k= dimensionless Archard wear coefficient [-],
F = contact force [N],
H = current surface material hardness [Pa],
s = sliding distance [m] in a certain time.

The wear volume can be expressed as:

Formula 2

h = removed surface layer thickness [m] in a certain time,
As = sliding area [m2] in a certain time.

Thus, substituting (2) into (1) and considering that the contact mean pressure p=F/A

Formula 3 row 1
Formula 3 row 2

Now, considering the total contact time t per load cycle, which represents the time of passage of both sliding surfaces throughout the contact zone with the sliding speed, then the sliding area is simply the contact area, thus As = A. The removed layer thickness per number of over-rollings (N) can be calculated by following [2] as:

Formula 4

us = the local sliding speed [m/s]
u1 = the mean speed of the analysed surface [m/s]
l = the contact length along the sliding direction [m].

Notice that nearly all quantities are local (x,y.) Here also the hardness of the steel in the raceways and rolling elements will be assumed as constant. Equation (4) gives the local thickness of the worn layer removed at every over-rolling in a bearing contact.

Modelling the interaction wear-fatigue

To model the interaction wear/fatigue in bearings, a rolling contact fatigue (RCF) model needs to be applied at every over-rolling of the raceway with a previously modified profile (on both surfaces) due to wear; in this way both phenomena (wear and fatigue) interact. Every time that wear modifies the profile a new pressure distribution in the contact needs to be calculated for the fatigue model. This process reflects what happens in real life. However, it is very costly computa­tionally speaking, considering that typical RCF lives can cover millions of over-rollings. Thus, there are simplifications that reduce substantially the computational cost:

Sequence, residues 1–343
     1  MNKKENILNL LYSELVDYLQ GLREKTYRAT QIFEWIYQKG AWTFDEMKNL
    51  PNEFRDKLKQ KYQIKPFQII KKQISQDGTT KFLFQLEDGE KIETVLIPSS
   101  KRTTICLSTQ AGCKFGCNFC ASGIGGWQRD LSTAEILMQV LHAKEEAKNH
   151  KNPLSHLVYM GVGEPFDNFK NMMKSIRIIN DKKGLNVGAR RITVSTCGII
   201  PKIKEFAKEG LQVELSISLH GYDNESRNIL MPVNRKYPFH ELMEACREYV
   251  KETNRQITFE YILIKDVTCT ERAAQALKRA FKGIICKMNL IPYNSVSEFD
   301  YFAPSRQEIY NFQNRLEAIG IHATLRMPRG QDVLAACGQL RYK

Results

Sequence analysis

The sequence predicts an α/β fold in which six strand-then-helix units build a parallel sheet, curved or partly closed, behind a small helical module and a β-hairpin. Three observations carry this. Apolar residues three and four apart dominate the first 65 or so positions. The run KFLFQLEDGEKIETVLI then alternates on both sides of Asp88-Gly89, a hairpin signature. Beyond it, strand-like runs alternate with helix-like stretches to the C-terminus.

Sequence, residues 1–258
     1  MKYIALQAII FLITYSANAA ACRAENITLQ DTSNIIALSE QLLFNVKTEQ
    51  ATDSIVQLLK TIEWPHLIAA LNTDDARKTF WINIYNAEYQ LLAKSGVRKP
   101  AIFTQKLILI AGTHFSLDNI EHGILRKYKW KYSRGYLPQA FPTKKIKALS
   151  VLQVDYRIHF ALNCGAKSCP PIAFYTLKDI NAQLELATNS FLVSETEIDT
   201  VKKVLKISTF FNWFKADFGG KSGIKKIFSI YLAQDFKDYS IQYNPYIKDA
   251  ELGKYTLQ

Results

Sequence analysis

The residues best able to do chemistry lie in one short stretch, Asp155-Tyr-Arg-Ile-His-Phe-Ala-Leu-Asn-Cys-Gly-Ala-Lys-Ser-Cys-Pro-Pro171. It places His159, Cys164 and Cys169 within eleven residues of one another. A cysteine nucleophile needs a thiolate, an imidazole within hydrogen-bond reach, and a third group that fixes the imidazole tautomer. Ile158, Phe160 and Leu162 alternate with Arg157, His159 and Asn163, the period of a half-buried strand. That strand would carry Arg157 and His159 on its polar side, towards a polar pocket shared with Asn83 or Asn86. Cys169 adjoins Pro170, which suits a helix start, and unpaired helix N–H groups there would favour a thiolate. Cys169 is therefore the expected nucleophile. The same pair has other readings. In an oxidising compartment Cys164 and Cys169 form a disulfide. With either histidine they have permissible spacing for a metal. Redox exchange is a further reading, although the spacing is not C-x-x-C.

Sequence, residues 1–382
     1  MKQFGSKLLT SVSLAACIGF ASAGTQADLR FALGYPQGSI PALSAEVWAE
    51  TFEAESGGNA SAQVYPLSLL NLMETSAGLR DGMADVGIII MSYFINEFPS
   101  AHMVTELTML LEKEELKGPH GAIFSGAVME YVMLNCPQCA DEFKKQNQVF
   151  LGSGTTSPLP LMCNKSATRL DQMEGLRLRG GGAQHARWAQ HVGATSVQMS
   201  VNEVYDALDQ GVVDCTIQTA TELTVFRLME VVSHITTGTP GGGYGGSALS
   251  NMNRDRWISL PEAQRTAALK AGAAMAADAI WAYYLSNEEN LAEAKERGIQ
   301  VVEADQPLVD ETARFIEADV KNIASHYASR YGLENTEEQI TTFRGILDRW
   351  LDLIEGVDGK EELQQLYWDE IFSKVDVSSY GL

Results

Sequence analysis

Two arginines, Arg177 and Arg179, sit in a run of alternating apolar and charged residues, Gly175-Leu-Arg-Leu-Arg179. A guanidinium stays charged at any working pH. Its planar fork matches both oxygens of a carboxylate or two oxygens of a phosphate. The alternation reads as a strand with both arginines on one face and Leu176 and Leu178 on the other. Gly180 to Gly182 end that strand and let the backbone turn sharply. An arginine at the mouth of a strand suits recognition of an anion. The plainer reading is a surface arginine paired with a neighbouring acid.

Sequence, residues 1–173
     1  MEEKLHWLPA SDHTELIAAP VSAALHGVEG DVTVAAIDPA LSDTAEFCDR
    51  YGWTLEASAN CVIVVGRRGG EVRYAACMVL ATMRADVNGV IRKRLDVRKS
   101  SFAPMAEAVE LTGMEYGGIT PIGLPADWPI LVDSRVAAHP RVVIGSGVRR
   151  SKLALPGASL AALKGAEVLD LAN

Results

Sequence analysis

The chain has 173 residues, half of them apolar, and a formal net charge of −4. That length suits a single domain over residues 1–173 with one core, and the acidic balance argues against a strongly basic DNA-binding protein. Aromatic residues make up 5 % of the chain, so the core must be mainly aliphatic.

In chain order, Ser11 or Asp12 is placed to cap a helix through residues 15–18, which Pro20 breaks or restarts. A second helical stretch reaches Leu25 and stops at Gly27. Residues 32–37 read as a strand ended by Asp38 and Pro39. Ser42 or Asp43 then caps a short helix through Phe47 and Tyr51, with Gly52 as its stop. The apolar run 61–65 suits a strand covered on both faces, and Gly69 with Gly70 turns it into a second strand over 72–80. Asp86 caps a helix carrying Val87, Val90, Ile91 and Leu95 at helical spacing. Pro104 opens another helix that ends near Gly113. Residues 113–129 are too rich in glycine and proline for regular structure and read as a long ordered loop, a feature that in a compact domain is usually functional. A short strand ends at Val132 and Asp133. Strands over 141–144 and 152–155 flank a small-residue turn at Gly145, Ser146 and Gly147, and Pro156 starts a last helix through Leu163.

1. A dry contact calculation is applied rather than a full elastohydrodynamic lubrication (EHL) solution, avoiding in this case the solution of the lubrication problem by simply considering a (measured) fixed friction coefficient.
  2. Updating the profile resulting from wear every certain number of over-rollings, instead of updating it at every single over-rolling.
  3. Point number (2) has also as a consequence that the update of the contact calculation and the damage (fatigue) calculation can also be done at the same time as the update of the profile by wear, instead of at every single over-rolling.

The flow chart of fig. 5 shows a summary of the calculation procedure. Notice that in this case the fatigue criterion of Dang Van [4] is used and the damage accumulation is done via the linear law of Palmgren-Miner [5,6]. But any other fatigue criterion and damage accumulation load could have been used, if the experiments would suggest that.

                Figure 5: Rolling contact fatigue model with the possibility to include wear on the raceway.


To validate the fatigue model, an endurance test was conducted using a cylindrical thrust roller bearing 81107 TN (fig. 6a), axially loaded with C/P = 6.5 and lubrication conditions given by a  k ≈ 0.5.

Prior to testing, an artificial profiling (fig. 6b) was made in the new bearings, as if they had been running under heavy wear conditions. During testing, some bearings failed, mainly due to roller damage (fig. 6c), so that the life model could be compared with the results from the short test. Exactly the same worn rollers and new washers were considered in the model of fig. 5; the results showed very good agreement with the lower bound limit of the measured L10 life, considering the Weibull statistics.

Figure 6: a) Cylindrical thrust roller bearing schematics b) Artificially modified profile of tested bearings c) Damaged rolling element of a bearing after test.

In parallel, wear tests and mea­surements in full bearings were also carried out to calculate the wear coefficient and then validate the model using different sets of experiments. The agreement between model and experiments was also satisfactory.


In thrust cylindrical roller bearings the sliding varies linearly (decreases) from the two edges of the roller towards the pitch line, where sliding is zero (fig. 7). Towards the outside diameter of the bearing the roller will be the fastest surface, and towards the inside diameter it will be the slowest one. To illustrate the concurrent effects of wear and fatigue in a rolling bearing with variable sliding across the raceway, another thrust roller bearing case is considered with a larger bearing (81212 TN), as described in the data of Table 1.